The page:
An aerial view of Llanymynech Hill from the south showing the distinctive quarry faces with the Golf Club behind. Photo 92-c-1048, © CPAT
Llanymynech Hill forms an impressive landmark, with its limestone cliffs visible for some considerable distance. The hill lies on the western edge of the Shropshire Plain overlooking the confluence of the Vyrnwy and Severn and the ramparts of the hillfort which occupies the hilltop, for much of the surviving circuit, form both a physical and political boundary between Wales and England.
The prominence of the hill, together with its natural defences, provided an ideal site for the founding of a large hillfort in the later prehistoric period and there is a belief in some quarters that this was the site of Caractacus’ last stand against the Romans in AD 51. The defences of the disused hillfort were subsequently utilised for the line of Offa’s Dyke in the early medieval period. The natural resources of the hill, principally copper, lead, zinc and limestone, have been exploited since the Iron Age, although the major focus of industrial activity shifted from the plateau top to its base around the time of the industrial revolution in the later 18th century. From the 1930s the hilltop has been occupied by Llanymynech Golf Club.
A study has recently been completed with funding from Cadw to draw together the numerous and disparate sources relating to Llanymynech Hill, as well as undertaking limited fieldwork, in an assessment of the current state of knowledge, the archaeological potential of the hill and potential management issues.
The north-eastern ramparts of the hillfort survive as prominent earthworks along the 4th Fairway. Photo 3510-0009, © CPAT
Llanymynech Hill is now recognised as one of the largest hillforts in Britain with an area of about 57ha. The defences of the hillfort are best preserved on its north and north-east sides, where at least three ramparts with associated ditches can be traced. The largest surviving entrance lies on the north side, where the earthworks of the innermost rampart are inturned, but this was apparently cut off by later banks and ditches and these could be contemporary with a smaller entrance on the north-east side of the fort, where the outermost rampart also appears to be inturned. The south side of the hill appears to have been defined by a limestone escarpment, but the potential layout of the ramparts has been lost, owing largely to the effects of quarrying activity.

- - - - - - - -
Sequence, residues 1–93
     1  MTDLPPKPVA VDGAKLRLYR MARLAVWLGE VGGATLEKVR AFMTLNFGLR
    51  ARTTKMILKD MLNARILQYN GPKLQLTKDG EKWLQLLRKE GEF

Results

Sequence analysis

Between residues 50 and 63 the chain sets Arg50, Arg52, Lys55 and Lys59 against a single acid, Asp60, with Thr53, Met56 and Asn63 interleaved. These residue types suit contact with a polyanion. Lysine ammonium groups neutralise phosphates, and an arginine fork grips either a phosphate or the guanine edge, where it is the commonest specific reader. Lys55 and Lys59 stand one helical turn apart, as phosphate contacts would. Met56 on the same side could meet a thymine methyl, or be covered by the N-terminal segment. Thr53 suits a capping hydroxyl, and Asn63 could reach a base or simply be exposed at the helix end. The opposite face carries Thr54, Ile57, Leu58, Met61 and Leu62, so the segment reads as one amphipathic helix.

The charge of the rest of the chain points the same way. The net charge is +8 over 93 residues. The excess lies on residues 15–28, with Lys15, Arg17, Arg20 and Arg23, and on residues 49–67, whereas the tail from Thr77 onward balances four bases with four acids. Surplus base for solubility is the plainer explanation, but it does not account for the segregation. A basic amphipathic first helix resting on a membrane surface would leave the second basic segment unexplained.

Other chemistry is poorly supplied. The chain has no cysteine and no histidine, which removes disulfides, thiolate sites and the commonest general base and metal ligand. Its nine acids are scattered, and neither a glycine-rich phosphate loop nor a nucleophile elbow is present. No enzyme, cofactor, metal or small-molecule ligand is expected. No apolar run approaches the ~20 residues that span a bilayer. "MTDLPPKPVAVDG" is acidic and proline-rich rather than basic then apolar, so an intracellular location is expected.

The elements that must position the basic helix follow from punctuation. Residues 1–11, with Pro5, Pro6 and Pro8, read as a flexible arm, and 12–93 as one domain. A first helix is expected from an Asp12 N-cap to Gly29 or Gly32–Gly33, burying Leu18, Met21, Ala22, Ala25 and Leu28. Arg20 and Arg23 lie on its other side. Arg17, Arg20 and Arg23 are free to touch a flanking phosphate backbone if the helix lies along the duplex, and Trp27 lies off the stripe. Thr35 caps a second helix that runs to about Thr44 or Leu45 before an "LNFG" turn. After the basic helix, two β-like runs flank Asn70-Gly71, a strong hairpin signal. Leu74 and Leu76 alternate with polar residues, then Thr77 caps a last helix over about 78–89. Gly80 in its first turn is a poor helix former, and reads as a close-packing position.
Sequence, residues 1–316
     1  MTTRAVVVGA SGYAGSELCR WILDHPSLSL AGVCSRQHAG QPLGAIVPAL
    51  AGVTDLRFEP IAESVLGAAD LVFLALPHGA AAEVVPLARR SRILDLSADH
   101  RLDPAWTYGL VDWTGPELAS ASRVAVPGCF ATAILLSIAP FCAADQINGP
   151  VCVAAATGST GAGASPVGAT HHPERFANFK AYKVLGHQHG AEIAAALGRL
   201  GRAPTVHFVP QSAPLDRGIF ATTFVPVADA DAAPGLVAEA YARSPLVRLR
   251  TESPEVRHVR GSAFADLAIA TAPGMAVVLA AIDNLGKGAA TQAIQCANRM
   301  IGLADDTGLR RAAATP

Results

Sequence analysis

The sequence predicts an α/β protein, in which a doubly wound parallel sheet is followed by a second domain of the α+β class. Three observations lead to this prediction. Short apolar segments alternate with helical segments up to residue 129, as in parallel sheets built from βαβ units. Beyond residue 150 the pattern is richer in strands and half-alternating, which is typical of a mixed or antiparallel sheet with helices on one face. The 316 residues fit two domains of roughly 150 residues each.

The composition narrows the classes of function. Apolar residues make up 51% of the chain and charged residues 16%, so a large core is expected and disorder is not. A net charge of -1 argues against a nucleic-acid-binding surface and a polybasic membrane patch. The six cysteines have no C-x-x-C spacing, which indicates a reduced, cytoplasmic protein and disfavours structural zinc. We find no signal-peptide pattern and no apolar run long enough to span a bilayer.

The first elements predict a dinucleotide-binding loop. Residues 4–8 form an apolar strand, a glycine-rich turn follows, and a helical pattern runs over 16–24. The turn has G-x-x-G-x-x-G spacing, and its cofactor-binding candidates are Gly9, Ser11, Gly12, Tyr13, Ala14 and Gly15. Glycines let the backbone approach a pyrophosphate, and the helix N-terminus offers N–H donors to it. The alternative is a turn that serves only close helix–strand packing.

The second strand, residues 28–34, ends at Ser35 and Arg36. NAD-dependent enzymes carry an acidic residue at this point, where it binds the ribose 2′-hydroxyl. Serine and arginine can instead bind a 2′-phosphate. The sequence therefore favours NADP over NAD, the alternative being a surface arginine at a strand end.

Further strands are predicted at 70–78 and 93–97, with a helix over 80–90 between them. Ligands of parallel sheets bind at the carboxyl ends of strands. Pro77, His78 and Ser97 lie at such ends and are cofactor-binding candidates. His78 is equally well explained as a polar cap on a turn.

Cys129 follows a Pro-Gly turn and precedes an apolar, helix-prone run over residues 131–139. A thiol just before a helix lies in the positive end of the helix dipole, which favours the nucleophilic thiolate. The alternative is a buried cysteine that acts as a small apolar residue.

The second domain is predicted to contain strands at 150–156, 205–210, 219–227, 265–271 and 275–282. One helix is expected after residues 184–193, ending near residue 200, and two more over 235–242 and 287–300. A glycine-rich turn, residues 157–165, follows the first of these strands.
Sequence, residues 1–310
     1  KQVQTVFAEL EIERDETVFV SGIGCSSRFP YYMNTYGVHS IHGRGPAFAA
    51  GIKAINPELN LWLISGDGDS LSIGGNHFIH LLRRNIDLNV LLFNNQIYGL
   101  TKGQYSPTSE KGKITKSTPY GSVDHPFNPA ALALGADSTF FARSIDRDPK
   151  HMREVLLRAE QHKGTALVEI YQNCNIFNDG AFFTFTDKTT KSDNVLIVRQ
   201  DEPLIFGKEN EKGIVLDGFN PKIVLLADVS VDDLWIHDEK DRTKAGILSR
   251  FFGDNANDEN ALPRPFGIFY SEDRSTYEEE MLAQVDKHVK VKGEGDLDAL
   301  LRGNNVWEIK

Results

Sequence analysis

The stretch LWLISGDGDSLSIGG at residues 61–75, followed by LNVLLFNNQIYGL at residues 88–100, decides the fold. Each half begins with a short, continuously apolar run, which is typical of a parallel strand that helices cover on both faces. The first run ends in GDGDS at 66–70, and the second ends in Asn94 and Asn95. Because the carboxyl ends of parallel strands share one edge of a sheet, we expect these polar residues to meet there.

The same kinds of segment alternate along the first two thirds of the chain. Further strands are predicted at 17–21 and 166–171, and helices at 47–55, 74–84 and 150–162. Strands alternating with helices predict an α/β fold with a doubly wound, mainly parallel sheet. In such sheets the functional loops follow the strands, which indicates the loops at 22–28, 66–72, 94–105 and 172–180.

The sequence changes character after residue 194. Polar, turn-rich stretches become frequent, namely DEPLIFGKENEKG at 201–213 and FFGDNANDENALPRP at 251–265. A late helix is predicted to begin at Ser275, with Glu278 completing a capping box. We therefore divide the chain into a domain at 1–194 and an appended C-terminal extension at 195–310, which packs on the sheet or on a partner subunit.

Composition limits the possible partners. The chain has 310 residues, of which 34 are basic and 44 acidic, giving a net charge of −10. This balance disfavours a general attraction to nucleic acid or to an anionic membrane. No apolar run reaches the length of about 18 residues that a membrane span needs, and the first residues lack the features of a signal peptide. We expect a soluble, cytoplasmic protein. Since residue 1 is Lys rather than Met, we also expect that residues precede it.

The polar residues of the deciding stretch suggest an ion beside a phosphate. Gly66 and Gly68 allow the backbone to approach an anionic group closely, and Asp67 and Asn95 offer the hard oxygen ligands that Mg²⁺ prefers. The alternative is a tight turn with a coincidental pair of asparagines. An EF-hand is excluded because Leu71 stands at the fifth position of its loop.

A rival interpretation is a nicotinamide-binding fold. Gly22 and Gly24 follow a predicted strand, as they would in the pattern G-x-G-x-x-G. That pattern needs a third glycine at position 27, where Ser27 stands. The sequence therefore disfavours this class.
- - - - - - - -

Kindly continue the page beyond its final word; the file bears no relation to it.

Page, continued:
The interior of the hillfort presents a rolling landscape with some steep slopes, occasionally rocky where the limestone bedrock approaches the surface. Despite the elevated nature of the hill there are still sheltered areas, probably with deeper soils, which would have been suitable for settlement. These localities could have seen fairly dense occupation in the Iron Age, characterised by small four-post structures and larger roundhouses.
Explorations of the natural cave known as the Ogof and the surrounding area in the 18th century apparently revealed a number of in-situ burials, some of which were found in conjunction with material considered at that time to be of Roman date, although much of this is now missing so the cultural context is impossible to corroborate. In the mid-19th century two further skeletons were apparently found buried in trenches near the entrance to the Ogof, in association with what is described as a ‘battleaxe of mixed metal’.
In 1996 observations during the construction of a new Greenkeeper’s shed at the golf club identified a small grave containing the lower limbs of an extended juvenile burial, which has been dated to 770–370 cal. BC.